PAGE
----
Most nosebleeds can be stopped without the need for medical attention.
To stop a nosebleed:
- sit down and firmly pinch the soft part of your nasal cavity, just above your nostrils, for 10 minutes
- lean forward and breathe through your mouth; this will drain blood down your nose instead of down the back of your throat
- stay upright, rather than lying down as this reduces the blood pressure in the veins of your nose and will discourage further bleeding
- maintain the pressure on your nose for up to 30 minutes (time this on the clock) so that your blood clots
- place a covered ice pack on the bridge of your nose
- avoid blowing your nose, bending down and strenuous activity for at least 12 hours after a nosebleed; try to keep your head above the level of your heart during this time
If your child gets regular nosebleeds from persistent crusting of the inside of their nostrils, you can try using ointment, such as petroleum jelly (Vaseline), to soften the inside of the nose.
Go to the nearest hospital's accident and emergency department (A&E) as soon as possible, if the bleeding doesn't stop after you've maintained pressure for 30 minutes.
You should also see your GP if you:
- often have more than one nosebleed a week (it may be due to an undiagnosed underlying condition)
- have had an injury to your head, such as a blow or a fall (you may have broken your nose)
- are taking a blood-thinning medicine (anticoagulant), such as warfarin, and the bleeding doesn't stop or it occurs regularly
If you seek medical help, your nose may be packed with ribbon gauze or a special nasal sponge. The aim is to apply pressure to the source of the bleeding to stop the flow of blood.
Your GP, or the healthcare professional treating you, will explain the process and tell you how long you need to keep the pack in place. You should also be given an appointment to have it removed. After the bleeding has stopped, and your nose is unpacked, it will be examined.
Avoid any over-exertion while your nose is packed and for one to two weeks afterwards.
Your GP may check your blood pressure and pulse rate to determine what caused the nosebleed.
Frequent or heavy nosebleeds can be a symptom of a blood disorder, such as haemophilia. The doctor may arrange for you to have a blood test to check whether your blood is clotting properly.
If your nosebleeds are found to be caused by medication that you're taking, such as blood-thinning medicines (anticoagulants) like aspirin, warfarin or heparin, or an anti-inflammatory medicine, your GP may need to change or adjust the dose.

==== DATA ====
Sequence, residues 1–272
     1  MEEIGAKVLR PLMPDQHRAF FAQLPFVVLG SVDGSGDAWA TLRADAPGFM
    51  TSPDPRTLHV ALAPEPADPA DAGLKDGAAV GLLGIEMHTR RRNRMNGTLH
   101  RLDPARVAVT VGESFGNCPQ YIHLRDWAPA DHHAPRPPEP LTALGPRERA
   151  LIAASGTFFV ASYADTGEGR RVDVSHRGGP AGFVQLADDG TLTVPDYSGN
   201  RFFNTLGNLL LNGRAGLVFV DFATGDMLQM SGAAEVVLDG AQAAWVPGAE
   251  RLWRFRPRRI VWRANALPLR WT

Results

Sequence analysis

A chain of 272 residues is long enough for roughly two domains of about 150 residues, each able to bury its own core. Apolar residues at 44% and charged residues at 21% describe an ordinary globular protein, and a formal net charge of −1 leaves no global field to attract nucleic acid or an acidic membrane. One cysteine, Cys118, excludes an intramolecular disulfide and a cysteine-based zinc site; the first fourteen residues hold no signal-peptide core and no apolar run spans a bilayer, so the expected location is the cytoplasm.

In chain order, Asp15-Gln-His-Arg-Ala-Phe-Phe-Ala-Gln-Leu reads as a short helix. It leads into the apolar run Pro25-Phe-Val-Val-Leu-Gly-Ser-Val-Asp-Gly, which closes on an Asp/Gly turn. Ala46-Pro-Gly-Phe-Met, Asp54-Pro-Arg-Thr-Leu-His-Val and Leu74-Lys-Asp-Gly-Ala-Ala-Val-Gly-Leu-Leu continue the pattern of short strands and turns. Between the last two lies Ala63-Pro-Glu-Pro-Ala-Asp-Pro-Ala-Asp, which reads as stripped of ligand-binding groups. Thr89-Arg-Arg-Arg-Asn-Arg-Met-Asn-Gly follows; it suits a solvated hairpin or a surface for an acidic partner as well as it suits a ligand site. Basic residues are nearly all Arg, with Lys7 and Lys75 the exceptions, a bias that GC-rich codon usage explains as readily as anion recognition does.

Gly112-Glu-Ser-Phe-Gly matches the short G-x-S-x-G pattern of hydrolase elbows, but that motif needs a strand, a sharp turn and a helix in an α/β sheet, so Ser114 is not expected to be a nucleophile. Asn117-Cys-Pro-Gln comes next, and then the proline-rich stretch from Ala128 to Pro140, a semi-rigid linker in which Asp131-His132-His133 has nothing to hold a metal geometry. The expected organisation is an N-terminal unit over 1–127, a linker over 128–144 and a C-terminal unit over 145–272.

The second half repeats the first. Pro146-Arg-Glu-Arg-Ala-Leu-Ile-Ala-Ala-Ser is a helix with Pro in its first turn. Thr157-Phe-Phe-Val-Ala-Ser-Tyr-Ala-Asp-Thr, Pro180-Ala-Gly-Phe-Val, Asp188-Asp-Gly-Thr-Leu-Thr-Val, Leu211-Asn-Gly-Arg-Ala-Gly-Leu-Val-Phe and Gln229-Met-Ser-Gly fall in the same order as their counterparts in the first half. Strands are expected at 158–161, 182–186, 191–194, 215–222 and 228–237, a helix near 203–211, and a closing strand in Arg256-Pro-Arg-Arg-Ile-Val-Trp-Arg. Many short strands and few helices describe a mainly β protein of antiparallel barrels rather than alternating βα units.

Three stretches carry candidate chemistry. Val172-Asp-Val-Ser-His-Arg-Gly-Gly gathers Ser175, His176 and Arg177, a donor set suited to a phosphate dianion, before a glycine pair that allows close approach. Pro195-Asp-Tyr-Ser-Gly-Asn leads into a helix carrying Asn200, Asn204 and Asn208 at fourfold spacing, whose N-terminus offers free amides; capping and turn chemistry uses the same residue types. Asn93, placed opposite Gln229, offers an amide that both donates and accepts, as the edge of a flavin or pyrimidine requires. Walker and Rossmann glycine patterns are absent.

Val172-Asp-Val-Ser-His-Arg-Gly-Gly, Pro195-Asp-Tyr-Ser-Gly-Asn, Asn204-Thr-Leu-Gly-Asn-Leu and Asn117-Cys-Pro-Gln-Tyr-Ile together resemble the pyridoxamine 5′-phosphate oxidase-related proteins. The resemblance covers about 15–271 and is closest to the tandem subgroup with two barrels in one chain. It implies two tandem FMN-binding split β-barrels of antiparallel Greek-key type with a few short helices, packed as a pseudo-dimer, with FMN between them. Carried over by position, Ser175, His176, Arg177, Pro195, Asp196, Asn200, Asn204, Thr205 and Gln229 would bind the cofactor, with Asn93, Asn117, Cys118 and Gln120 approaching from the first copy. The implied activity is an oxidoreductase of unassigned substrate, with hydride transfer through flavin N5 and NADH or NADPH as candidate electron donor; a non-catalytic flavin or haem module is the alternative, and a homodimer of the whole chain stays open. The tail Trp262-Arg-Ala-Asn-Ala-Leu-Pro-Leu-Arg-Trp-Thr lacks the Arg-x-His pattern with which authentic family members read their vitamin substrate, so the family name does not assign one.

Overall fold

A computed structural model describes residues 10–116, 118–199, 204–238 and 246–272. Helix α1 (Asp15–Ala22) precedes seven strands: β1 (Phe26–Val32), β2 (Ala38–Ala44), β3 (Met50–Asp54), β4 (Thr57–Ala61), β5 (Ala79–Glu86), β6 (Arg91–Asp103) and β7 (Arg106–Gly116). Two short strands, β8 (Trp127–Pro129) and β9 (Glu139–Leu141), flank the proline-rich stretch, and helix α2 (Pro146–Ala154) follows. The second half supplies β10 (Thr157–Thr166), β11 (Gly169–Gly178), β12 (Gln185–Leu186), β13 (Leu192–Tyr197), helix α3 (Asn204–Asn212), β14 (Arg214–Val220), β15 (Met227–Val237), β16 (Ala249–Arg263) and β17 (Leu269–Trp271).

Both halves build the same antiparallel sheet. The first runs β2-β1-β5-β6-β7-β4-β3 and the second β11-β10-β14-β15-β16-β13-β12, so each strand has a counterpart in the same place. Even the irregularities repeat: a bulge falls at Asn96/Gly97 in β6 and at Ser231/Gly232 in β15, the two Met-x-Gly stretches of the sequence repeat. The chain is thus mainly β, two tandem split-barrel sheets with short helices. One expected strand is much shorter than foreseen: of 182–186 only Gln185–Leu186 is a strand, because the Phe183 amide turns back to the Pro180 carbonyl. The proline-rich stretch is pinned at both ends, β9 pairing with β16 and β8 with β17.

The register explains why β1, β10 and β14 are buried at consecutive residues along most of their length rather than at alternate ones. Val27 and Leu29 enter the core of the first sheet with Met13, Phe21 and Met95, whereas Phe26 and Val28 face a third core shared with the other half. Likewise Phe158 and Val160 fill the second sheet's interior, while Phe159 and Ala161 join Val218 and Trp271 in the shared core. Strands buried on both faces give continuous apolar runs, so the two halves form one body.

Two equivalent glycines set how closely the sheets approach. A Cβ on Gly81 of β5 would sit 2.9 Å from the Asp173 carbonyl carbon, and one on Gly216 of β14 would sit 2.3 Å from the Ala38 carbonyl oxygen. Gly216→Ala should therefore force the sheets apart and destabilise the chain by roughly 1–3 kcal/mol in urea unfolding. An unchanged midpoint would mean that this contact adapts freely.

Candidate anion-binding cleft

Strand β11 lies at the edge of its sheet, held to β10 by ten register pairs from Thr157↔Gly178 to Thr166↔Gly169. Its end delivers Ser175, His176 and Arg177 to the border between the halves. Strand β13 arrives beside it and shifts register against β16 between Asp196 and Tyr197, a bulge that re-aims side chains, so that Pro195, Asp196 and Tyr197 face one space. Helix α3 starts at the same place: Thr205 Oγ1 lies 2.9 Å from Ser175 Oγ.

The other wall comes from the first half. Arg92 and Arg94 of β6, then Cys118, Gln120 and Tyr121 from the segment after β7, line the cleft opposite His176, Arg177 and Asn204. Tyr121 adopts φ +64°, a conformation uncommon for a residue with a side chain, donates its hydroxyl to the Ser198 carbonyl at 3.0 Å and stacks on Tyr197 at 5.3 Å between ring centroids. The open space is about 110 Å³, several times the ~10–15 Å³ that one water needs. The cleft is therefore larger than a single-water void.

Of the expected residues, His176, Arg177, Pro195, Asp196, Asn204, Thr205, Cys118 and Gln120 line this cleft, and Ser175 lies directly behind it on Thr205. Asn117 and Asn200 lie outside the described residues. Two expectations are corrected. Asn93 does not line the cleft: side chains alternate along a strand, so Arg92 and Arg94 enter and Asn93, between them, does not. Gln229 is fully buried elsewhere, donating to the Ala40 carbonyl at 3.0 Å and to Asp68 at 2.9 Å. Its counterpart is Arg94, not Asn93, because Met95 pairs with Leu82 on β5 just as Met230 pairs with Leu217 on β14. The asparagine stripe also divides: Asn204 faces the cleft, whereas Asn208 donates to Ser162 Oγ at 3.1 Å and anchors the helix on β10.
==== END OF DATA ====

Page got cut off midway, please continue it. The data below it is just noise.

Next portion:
If your nosebleed is caused by an infection, such as sinusitis, you may be prescribed antibiotics.
In severe cases, you may need surgery to prevent the nosebleeds happening again (see below). In this case, your GP will refer you to an ear, nose and throat (ENT) specialist.
Nasal fractures (cracks or breaks in the bones of the nose) account for nearly 50% of all facial fractures. Most are simple and won't need an X-ray. However, if you have a more serious injury, an X-ray of your entire face and skull may be taken.
Fractures can cause a considerable amount of swelling around the nose. It may take five to seven days for the swelling to go down enough to allow a full examination. Once the swelling has settled, there's often little change to the shape of your nose, and it can be left to heal.
Surgery for recurring nosebleeds
Your ENT specialist may recommend surgery if you have frequent nosebleeds and the cause can be identified. There are a number of possible procedures, which are outlined below.
Your septum (the wall between the two nose channels) can be crooked from birth or become crooked following injury. If it causes nosebleeds, you can have septal surgery to straighten it.
The surgery is carried out under local anaesthetic or general anaesthetic. It should take less than an hour.
As the surgery is inside your nose, it shouldn't leave any external scars. During the operation, some of the bone and cartilage inside your nose is removed and the septum moved back into the middle of your nose.
Afterwards, a dressing is placed on your nose for a day or two to keep it in place and prevent bleeding. You'll need to rest for one week, or for two weeks if your job involves heavy lifting or carrying.
After the operation, you may experience:
- bleeding for up to 10 days
- a blocked nose for two weeks, although it can take up to three months for your breathing to clear completely
- an infection in your nose (although this is rare)
Your ENT specialist will explain the procedure to you in more detail.
Cautery is a minor procedure that cauterises (burns) the blood vessel where the bleeding is coming from. It can be an effective method of stopping recurring nosebleeds.
Cautery is carried out either using:
- an electric current running through a wire, such as platinum (electrocautery)
- a chemical, such as silver nitrate, on the end of a wool swab (chemical cautery)
The bleeding area is touched for around 10 seconds to burn and seal it.
Cautery has some associated problems. For example:
- silver nitrate cautery can be painful, particularly for children, even with the use of a local anaesthetic
- it's not always effective as bleeding can occur around the cauterised area
- it can only be used if a specific bleeding point can be identified
If other treatments don't work, ligation may be recommended. This involves endoscopic surgery using fine instruments to tie off the ruptured blood vessel. In rare cases, the main artery from which the bleeding blood vessel branches off may need to be tied off.
If the bleeding blood vessel is far back in the nose, or difficult to compress, further surgery may be required.
Possible side effects of ligation include:
- re-bleeding (the blood vessel still causes nosebleeds)
- swelling, numbing or bruising of the face
- a dry or runny nose.